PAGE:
A second design iteration resulted in a double grating period to reduce the angle sensitivity as well as different materials
and geometry; the grating and waveguide being the same layer. The inclusion of etch stop layers provided more accurate
etch depths; however, the tolerance to changes in the grating duty cycle was much tighter. Results from these devices
show the effects of small errors in the pattern fidelity. The fabrication process flows for both iterations of devices will be
reviewed as well as the performance of the fabricated devices. A discussion of the relative merits of the various design
choices provides insight into the importance of fabrication considerations during the design stage.
We describe the design of pixelated filter arrays for hyperspectral monitoring of CO<sub>2</sub> and H<sub>2</sub>O absorption in the
midwave infrared (centered at 4.25μm and 5.15μm, respectively) using resonant subwavelength gratings (RSGs), also
called guided-mode resonant filters (GMRFs). For each gas, a hyperspectral filter array of very narrowband filters is
designed that spans the absorption band on a single substrate. A pixelated geometry allows for direct registration of
filter pixels to focal plane array (FPA) sensor pixels and for non-scanning data collection. The design process for
narrowband, low-sideband reflective and transmissive filters within fabrication limitations will be discussed.
We present design, fabrication, and characterization results of a highly absorptive surface in the thermal
infrared that draws on concepts from the frequency selective surface and metamaterials communities. At
normal incidence this optically thin surface has an absorption of over 99%. Furthermore, it has a broad
angular range (over 90% absorption at 60 degrees from normal). The simple structure is composed of a
reflective metal layer, a roughly quarter-wave layer of lossy dielectric, and a top metal layer that is patterned
with an array of subwavelength apertures. The design of the aperture allows spectral and angular control of
the absorption/emission band. We will present simulation and measured results. Change in waveband and
polarization could easily be changed from pixel to pixel in a focal plane array.
In this paper, we describe our efforts to control the thermal emission from a surface utilizing structured surfaces with
metal/dielectric interfaces. The goal was not to eliminate the emission, but to control the output direction and spectrum.
We focus on methods that lead to high emissivity at grazing angles, with low emission near normal. We describe the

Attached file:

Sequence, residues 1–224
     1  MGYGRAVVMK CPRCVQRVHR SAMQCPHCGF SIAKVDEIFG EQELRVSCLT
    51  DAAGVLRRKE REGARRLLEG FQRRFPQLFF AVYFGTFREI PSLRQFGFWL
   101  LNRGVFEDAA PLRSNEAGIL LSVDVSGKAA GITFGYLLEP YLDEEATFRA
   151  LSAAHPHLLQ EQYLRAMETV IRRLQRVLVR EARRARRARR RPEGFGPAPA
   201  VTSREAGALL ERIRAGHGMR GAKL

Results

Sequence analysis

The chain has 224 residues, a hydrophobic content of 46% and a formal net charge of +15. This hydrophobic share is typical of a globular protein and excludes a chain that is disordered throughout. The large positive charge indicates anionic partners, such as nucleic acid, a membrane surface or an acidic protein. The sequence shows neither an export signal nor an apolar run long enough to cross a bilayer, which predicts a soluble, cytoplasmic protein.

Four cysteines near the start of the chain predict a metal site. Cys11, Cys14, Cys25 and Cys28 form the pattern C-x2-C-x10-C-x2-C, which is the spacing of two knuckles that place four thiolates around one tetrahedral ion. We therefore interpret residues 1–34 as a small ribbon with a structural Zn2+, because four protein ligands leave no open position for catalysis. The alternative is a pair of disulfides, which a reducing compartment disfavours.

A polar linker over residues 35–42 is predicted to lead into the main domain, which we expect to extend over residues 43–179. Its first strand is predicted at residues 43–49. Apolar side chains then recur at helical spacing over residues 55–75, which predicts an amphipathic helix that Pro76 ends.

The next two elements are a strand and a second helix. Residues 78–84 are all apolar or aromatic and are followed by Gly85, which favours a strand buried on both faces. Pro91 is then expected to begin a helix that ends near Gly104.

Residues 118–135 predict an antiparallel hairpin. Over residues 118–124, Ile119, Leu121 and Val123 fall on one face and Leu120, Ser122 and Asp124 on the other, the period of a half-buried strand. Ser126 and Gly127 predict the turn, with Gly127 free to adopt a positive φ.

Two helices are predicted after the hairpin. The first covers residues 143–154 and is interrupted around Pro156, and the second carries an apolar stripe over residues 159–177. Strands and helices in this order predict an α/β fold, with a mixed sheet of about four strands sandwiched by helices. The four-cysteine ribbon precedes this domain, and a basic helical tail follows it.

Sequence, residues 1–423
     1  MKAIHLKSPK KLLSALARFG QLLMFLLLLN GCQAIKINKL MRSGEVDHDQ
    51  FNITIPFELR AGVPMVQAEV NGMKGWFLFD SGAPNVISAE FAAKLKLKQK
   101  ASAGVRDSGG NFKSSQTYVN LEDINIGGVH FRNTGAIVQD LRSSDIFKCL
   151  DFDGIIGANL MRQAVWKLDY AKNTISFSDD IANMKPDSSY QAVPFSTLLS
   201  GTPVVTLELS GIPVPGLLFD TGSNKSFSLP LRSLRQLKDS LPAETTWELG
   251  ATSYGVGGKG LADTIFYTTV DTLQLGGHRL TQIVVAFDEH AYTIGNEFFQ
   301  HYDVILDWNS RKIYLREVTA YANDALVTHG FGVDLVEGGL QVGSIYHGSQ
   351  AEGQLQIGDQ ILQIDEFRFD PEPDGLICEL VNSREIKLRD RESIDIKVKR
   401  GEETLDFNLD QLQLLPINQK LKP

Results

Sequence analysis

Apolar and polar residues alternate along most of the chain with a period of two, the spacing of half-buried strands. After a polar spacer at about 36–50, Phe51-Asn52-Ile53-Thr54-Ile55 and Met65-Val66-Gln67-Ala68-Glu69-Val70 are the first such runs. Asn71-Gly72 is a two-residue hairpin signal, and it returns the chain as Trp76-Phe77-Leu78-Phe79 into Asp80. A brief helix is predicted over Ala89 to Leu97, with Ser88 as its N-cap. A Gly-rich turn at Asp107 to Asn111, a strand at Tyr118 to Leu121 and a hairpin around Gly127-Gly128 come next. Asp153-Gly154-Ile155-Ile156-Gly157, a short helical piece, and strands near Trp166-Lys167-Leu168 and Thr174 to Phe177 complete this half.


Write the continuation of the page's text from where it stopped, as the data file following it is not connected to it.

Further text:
fabrication and measurement of large passive devices (15×15 mm) and arrays of smaller chips for thermal emission
control in the longwave infrared (8 to 12 micron) spectral region. All the devices consist of a metal base layer covered
with dielectric/metal posts or lines, 0.5 microns tall. The posts (0.9×0.9 micron) and lines (0.3 micron wide) are subwavelength.
One-dimensional and two-dimensional devices with a 3 micron pitch will be shown. The devices are
measured with both a hemispherical directional reflectometer and a variable angle directional emissometer. Both
simulated and experimental results show the thermal emission effectively limited to a small spectral region and grazing
angles from the surface (≥ 80°) in stark contrast to the typical Lambertian radiation seen from unstructured material.
Finally, the effect of this thermal emission control is illustrated using an infrared camera.
Resonant subwavelength gratings have proven to be excellent devices for producing narrow resonances useful for
filtering applications. In this paper we discuss the use of RSGs in a rotary position encoder intended for use in harsh
environments. To avoid problems with routing electrical signals to the encoder, a single fiber optic connection is used to
address the device with multiplexed wavelengths corresponding to position bits. Each wavelength has a corresponding
RSG that is patterned in the appropriate position locations. A demonstration device utilizing RSGs with TiO<sub>2</sub> and SiO<sub>2</sub>
films on a silicon substrate will be presented. The design and modeling effort provided several RSGs with resonances
addressable by a single tunable laser source. Since multimode fiber is used to route the optical signals, the gratings were
designed to be polarization insensitive. Additionally, the individual RSGs accommodate significant wavelength shifts to
simplify the integration of the encoder system. The fabrication of the devices was based on electron beam lithography
and details of this work will be presented. Measurements of the individual RSGs as well as a demonstration of the
determination of rotary position using these gratings will be shown.
In this work, we describe the most recent progress towards the device modeling, fabrication, testing and system
integration of active resonant subwavelength grating (RSG) devices. Passive RSG devices have been a subject of
interest in subwavelength-structured surfaces (SWS) in recent years due to their narrow spectral response and high
quality filtering performance. Modulating the bias voltage of interdigitated metal electrodes over an electrooptic thin
film material enables the RSG components to act as actively tunable high-speed optical filters. The filter characteristics
of the device can be engineered using the geometry of the device grating and underlying materials.